Tuesday 15 November 2016

Black and silver

No news is good news. No, really: all news is bad news, isn't it? Especially this year. It's got so that opening the paper or sitting down to the evening TV bulletin is an exercise in self-punishment. Feeling cheerful? Here, look at this, and watch all the colour drain from your world. Which all makes the idea behind this blog (see upper right) something of a curse: when somewhere pops up for me to make a connection with, it seems it'll damn near always be because of a disaster of some sort. I could almost feel like a sort of Typhoid Mary, if it weren't for the fact that awful things also happen on a regular basis in places with which I haven't even the most tenuous connection.

So, anyway. The latest place to (reluctantly) feature in this increasingly intermittent blog is Kaikoura, currently all over the news here (and even overseas, briefly) because of the 7.5 earthquake that occurred near there just after midnight yesterday. It's a town on the east coast of the South Island, perched between the mountains and the sea, famous for whales and crayfish, and a reliably rewarding stop on the tourist trail. That's why I was there in February, escorting English visitors around the country, though of course I'd been there often before, most recently to do a Mazda 3 review for the company's Zoom-Zoom magazine (which I wrote with such convincing enthusiasm that I subsequently bought one of the cars myself).
On that trip the photographer (Dean MacKenzie - pic above) and I stayed at Hapuku Lodge, a high-end hotel which features five 'tree houses': lovely wood, glass and metal suites perched on 6m high stilts above a stand of manuka trees, with views of both sea and snow-capped mountains, and sumptuously cosy on a chilly spring night, each with a log-burner glowing by the window. Stilts, though? Not such a good partner for a 7.5 [later upgraded to 7.8] that lasted two minutes, I'm thinking. I wonder how that went?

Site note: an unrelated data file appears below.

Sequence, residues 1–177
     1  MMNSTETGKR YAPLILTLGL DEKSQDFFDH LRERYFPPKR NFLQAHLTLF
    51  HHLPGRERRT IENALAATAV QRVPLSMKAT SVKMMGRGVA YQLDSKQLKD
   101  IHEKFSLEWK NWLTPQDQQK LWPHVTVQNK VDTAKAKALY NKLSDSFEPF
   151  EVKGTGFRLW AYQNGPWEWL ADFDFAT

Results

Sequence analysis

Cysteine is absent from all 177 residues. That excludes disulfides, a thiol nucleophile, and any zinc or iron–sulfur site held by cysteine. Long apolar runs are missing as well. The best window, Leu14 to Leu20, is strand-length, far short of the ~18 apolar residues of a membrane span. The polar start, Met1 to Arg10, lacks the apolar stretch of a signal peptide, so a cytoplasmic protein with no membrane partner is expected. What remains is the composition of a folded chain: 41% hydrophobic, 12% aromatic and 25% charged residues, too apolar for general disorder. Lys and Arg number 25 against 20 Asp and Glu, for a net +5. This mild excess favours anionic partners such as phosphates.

Anyway, the February trip being self-funding, we stayed in a very ordinary motel just outside the town. That was where, being stuck with boring people who don't understand how things are meant to work, I ate my share of our obligatory freshly-cooked crayfish from Nin's Bin. What we should have done was to sit by that classic caravan (pre-dating the food truck phenomenon by many, many years) just metres from the sea, with gulls swooping overhead, the deep blue sea breaking white on the black rocks, and the air clean and clear all the way to Antarctica. That's how you eat crayfish in Kaikoura.

The tsunami threat didn't eventuate, thankfully, but Nin's Bin is probably now somewhat further from the sea than it was, since the sea-bed seems to have lifted up, to the inevitable doom of many fish caught caught by surprise and left flapping in the sunshine. They're not the only creatures to have been stranded: currently, I'm waiting to hear the end of the story of the three Hereford cattle left stuck on a tiny island of paddock high above what's left of the rest of their pasture, cracked and sunken metres below. [UPDATED pic below]
The most astonishing sights, though, are of the road and railway tracks, which squeeze along the edge of the coast, sometimes having to burrow through cliffs, both north and south of the town. Huge landslips have left tonnes of debris over this route - State Highway 1, people - that are going to take months to clear, if they can be cleared at all. They might have to look for an alternative route, though that won't be an easy job either. The Kaikouras are a proper mountain range. [RNZ pic]
Meantime, poor old Kaikoura, once its current bunch of tourists is removed, by helicopter or HMNZS Canterbury, will be left isolated with pretty much no income: the whale- and dolphin-watching businesses, the Segway tour, the restaurants, the souvenir shops, Hapuku Lodge and its inferiors, and all the people who work there, will have no money coming in. Dark days for the people. For the seals, whales and dolphins, though? Maybe the silver lining...


the queen said...

Ferries for the cars? Has anyone attached the cows to a helicopter?

TravelSkite said...

The farmer dug a ramp and they're now back in a flat paddock enjoying the grass.
There are a lot of helicopters buzzing about, though - shortly to include several off the USS Samson which has been allowed to visit (we're rabidly anti-nuclear here) for the Navy's birthday.


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